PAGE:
Town and parish councils hit out at budget 'mess'
A NEW way of setting local government budgets has sparked confusion among town and parish councils across the district.
Two options were handed down from central government on how parish and town councils should set their precept - the figure added to council tax bills to fund local services.
They can either accept or not accept a grant from central government but there are advantages and disadvantages to both options.
In Stonehouse and Minchinhampton, councillors were concerned that if they accepted the grant - administered by Stroud District Council - their precept would be reduced by the amount of grant it receives.
Although this would reduce the burden on taxpayers, the disadvantage is that council precepts could be capped at this lower figure in future years in line with Government cuts.
Both councils decided not to accept the grant on the basis that the money would be held by SDC to be used for future projects in their parish.
Speaking at a full council meeting of Stonehouse Town Council on Monday, January 21 mayor Chris Brine said: "When setting the precept the town council has to decide the amount they believe is enough to provide all the services we want for the people of Stonehouse.
"Not accepting the grant means we can still call on the grant when we need to use it but we haven't had to lower our precept in order to claim it."
Stonehouse Town Council set its precept for the upcoming year at £203,940 - a £6,000 increase from last year.
For the average Band D council taxpayer this will be an increase of £1 over the whole year.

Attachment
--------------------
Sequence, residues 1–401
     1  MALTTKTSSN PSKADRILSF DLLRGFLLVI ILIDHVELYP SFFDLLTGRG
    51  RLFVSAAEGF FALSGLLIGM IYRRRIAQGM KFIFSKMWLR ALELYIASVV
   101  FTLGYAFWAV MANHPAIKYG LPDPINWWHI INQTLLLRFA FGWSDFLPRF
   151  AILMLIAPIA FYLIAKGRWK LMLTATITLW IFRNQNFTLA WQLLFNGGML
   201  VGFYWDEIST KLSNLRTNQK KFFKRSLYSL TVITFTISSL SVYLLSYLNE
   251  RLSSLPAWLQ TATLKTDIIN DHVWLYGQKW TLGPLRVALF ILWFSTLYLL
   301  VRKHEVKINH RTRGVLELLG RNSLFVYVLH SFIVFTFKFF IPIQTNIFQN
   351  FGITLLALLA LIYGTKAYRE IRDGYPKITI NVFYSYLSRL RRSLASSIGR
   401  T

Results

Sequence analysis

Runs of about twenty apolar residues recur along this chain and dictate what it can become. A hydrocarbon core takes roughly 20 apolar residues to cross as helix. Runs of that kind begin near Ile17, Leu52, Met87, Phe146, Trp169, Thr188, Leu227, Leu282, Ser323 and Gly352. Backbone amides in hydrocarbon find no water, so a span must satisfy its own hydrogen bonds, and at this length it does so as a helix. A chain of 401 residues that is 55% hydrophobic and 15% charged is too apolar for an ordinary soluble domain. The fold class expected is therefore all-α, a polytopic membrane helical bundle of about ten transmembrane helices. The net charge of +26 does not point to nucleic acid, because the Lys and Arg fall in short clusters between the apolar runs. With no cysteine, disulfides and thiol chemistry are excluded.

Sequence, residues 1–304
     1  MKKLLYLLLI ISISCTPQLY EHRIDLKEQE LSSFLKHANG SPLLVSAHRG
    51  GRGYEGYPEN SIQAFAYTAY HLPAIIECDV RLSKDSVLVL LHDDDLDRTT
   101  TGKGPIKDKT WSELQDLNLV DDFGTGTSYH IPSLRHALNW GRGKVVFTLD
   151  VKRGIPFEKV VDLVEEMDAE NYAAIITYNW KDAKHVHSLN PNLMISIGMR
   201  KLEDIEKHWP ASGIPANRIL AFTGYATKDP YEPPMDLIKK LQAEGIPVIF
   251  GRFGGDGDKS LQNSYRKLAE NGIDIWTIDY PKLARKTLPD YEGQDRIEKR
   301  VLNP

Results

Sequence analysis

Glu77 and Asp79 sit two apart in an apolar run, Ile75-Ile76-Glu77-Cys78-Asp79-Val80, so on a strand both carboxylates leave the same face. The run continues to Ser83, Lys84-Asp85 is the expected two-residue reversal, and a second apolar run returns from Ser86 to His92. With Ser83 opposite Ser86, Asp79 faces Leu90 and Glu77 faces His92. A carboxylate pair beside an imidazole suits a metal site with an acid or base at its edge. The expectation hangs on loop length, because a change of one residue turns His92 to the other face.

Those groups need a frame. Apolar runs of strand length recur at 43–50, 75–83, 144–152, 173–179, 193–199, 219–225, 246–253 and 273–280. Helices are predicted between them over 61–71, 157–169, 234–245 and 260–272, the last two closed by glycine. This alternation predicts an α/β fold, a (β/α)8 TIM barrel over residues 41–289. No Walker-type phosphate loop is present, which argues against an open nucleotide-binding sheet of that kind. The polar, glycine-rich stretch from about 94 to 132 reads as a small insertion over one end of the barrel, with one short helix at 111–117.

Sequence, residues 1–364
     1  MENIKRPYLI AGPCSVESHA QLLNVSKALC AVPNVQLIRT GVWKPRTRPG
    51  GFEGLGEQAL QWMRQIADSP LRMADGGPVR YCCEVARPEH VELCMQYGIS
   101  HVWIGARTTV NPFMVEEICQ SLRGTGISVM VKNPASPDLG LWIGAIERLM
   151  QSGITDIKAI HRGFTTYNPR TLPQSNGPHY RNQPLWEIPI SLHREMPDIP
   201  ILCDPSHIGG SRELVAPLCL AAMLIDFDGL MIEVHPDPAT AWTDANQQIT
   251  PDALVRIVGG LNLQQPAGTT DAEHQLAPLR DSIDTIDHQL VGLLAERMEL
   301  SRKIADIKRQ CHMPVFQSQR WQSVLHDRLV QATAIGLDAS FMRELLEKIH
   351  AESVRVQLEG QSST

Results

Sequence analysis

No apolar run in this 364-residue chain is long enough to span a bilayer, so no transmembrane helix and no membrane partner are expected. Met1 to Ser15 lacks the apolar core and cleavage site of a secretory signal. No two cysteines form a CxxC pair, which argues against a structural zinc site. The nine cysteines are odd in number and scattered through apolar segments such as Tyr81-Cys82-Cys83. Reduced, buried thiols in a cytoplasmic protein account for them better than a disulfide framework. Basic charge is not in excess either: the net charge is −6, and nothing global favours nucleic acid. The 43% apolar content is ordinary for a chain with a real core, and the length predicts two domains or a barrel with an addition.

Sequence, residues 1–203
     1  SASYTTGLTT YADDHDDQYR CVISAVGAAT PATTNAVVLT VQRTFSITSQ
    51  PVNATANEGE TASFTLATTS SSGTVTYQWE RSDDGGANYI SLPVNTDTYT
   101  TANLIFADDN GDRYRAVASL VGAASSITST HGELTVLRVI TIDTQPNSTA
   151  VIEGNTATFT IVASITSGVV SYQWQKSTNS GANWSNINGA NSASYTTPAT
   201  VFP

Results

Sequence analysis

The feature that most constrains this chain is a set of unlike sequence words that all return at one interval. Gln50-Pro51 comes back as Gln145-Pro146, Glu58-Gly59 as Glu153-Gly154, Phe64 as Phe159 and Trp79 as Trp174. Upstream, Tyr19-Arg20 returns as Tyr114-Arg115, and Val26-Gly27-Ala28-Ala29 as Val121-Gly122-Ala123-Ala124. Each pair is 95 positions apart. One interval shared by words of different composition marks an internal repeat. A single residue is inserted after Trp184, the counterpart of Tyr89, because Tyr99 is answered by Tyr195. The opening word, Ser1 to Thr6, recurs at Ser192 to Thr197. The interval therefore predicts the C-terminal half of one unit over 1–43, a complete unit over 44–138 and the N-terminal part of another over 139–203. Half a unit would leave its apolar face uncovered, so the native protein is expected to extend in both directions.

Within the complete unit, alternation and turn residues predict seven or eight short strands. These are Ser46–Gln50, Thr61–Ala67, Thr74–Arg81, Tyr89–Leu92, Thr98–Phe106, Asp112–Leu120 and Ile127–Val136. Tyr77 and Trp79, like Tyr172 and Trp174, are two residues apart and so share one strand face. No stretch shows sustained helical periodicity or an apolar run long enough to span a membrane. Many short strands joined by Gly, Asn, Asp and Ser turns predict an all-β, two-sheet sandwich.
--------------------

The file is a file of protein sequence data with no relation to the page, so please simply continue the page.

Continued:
Clerk of Minchinhampton Parish Council Diana Wall, said: "It has been such a mess. We have all had to become experts in finance overnight. Trying to get your head around something at such short notice is ridiculous."
On Monday, January 28, councillors in Minchinhampton set their precept at £50,000 - the same as last year.
Members of Nailsworth Town Council also criticised the clarity of the scheme at their latest meeting on Tuesday, January 15.
Stroud Town Council accepts government grant
STROUD Town Council has decided to accept the grant of more than £60,000 from the district council to compensate for a shortfall in funding resulting from central government cuts to the welfare budget, writes Chris Warne.
The authority faced a choice of either taking the grant from SDC for the next financial year or asking council taxpayers to pay 22 per cent more to maintain services.
Town councillors decided they could not ask residents to stump up an additional £60,000 to plug the hole in their budget created by the Government's welfare reforms.
The gap in the town council's budget was created by the Coalition's decision to scrap council tax benefit and replace it with a new system of localised council tax support.
Under the new scheme, funds provided by central government have been reduced by around 10 per cent, with Stroud District Council effectively losing £670,000.
Stroud Town Council unanimously agreed to accept the grant from SDC and set its precept for 2013/14 at a meeting on Monday, January 28.
An average Band D council taxpayer will now pay £106.28 for town council services in 2013/14, an increase of £9.60 over the whole year.